30 June 2015Isaiah 62:1-12
“Because I love Zion, I will not keep still. Because my heart yearns for Jerusalem, I cannot remain silent. I will not stop praying for her until her righteousness shines like the dawn, and her salvation blazes like a burning torch.” (v. 1) (NLT)
Psalm: Psalm 35:9-18
The editors of the New Living Translation call this passage "Isaiah prays for Jerusalem". John Wesley titles it "A prayer of the watchmen for the Church in confidence of God's gracious designs and promises to it". There is something about prayers born out of love and a desire of restoration - whether that is us praying for a country, or praying for the Church or for a special person.
Imagine the ruins of a old city or castle. Build up an image of the walls being complete, roof intact and the rooms furnished. Imagine the sounds and smells, the bustle of people. Now imagine how you would feel if you knew that place, if you were one of the people living among those walls; now look at the ruins.
For those in Isaiah's time this was their story. They had lived or had heard tales from those who have lived there. Now there was nothing. This is where Isaiah exists, living with a memory and looking at ruins.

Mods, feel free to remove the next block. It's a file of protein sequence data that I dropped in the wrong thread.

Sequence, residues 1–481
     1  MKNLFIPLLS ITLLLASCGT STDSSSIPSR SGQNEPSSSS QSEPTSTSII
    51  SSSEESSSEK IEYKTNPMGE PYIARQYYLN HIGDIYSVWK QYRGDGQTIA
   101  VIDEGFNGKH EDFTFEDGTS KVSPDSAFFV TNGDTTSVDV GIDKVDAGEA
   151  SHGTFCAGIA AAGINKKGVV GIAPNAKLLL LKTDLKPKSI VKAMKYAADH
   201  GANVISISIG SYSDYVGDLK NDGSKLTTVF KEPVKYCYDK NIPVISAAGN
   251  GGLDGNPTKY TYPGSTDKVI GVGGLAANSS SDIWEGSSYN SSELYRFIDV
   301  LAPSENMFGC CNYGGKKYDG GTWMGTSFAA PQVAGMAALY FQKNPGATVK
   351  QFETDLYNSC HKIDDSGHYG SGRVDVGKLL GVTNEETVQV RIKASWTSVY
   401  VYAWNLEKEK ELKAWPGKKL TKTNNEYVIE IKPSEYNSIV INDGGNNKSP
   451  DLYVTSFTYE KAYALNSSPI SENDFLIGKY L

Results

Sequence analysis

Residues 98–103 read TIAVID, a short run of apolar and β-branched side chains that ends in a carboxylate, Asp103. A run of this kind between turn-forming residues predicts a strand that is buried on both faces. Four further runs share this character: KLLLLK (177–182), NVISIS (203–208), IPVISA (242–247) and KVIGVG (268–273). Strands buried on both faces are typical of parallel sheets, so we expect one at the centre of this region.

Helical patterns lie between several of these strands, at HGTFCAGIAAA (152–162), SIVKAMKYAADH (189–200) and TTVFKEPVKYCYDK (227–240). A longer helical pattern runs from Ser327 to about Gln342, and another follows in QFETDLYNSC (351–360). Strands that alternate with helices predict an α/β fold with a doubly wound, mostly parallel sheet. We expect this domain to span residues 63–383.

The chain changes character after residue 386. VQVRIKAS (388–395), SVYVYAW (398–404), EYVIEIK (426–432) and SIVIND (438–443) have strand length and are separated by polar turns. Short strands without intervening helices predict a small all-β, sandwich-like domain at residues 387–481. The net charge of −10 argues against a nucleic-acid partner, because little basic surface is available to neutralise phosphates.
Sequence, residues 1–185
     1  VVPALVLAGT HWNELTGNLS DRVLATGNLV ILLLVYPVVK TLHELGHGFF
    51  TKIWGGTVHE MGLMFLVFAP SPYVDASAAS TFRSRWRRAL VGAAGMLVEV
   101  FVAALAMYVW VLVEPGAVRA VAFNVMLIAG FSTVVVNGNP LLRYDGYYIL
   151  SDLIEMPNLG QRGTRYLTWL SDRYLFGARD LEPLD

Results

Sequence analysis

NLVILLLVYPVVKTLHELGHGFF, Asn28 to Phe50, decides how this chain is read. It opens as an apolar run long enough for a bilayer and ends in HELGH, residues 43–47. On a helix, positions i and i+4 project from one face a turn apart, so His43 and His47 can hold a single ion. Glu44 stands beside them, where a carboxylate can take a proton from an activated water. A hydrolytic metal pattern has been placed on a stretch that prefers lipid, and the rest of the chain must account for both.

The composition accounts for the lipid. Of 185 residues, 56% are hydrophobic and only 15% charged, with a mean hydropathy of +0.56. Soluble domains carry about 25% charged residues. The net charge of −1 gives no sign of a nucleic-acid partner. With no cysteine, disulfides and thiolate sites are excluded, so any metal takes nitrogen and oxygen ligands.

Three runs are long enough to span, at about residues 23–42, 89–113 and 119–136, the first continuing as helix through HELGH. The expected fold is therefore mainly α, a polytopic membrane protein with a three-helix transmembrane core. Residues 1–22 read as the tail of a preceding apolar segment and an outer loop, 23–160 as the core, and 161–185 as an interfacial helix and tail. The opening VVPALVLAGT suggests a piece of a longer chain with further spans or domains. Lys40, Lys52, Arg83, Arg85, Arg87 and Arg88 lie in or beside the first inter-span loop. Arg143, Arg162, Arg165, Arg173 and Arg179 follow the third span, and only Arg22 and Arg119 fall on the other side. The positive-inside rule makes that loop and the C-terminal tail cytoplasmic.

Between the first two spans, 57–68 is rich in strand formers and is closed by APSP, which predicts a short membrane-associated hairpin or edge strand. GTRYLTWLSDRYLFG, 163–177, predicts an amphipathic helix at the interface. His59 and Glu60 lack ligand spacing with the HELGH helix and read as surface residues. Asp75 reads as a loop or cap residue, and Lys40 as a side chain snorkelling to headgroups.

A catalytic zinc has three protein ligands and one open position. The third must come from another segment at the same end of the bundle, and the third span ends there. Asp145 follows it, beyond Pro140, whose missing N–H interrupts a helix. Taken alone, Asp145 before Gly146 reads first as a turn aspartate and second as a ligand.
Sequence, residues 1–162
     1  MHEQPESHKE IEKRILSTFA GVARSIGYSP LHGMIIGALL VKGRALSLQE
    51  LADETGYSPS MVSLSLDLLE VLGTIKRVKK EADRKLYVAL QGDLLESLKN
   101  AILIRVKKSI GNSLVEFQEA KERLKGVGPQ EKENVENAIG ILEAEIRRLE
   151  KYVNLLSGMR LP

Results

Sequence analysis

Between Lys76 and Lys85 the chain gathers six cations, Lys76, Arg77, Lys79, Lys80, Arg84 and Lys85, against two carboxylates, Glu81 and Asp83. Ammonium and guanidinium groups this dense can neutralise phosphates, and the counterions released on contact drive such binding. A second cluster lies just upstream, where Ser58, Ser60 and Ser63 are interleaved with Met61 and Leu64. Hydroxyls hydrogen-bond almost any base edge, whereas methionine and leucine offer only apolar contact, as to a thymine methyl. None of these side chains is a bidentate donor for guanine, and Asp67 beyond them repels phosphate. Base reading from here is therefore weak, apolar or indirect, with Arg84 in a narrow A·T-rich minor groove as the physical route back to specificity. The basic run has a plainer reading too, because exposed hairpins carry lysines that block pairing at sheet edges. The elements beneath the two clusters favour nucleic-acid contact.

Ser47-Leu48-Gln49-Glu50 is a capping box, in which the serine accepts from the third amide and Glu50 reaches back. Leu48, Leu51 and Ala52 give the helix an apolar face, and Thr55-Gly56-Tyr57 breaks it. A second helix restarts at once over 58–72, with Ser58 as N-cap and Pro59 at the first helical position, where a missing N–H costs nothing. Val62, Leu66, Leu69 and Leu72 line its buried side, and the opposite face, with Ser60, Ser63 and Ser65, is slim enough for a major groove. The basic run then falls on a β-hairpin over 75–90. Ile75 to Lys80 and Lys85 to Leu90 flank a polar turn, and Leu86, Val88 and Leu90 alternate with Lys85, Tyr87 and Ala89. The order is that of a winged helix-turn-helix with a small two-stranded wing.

Now reread the passage.
Isaiah builds an amazing picture of a restored Jerusalem, and ends with the promise of a saviour, a final protector so the restoration will remain forever. It is a promise of hope. When the saviour comes it isn't as the builder, the job was already done. The saviour has a different role.
When Jesus came people looked to him as a rebuilder, someone who would physically restore Jerusalem but that job had already been done. They looked to him as someone to free them from Roman rule, to help them become self-governing again. But that wasn't his role. His task was the restoration of the people spiritually, and from that other stuff comes.
God looked at humanity, remembered what it was and now looked at the ruins. God set about rebuilding humanity, restoring the people and sweeping clean the weeds and webs. That is what Jesus did.
- What feelings are generated by the words of the deserted and desolate? How does the promise of leaving these feelings behind help you understand the gospel?
- Have you got anyone in your life that you pray for like Isaiah prays in this chapter? Use the time to pray for them now.
- Many prayers come out of desperation or a need for help. When you pray like this to what extent do you ask only for help or do you vocalise the restoration like Isaiah has?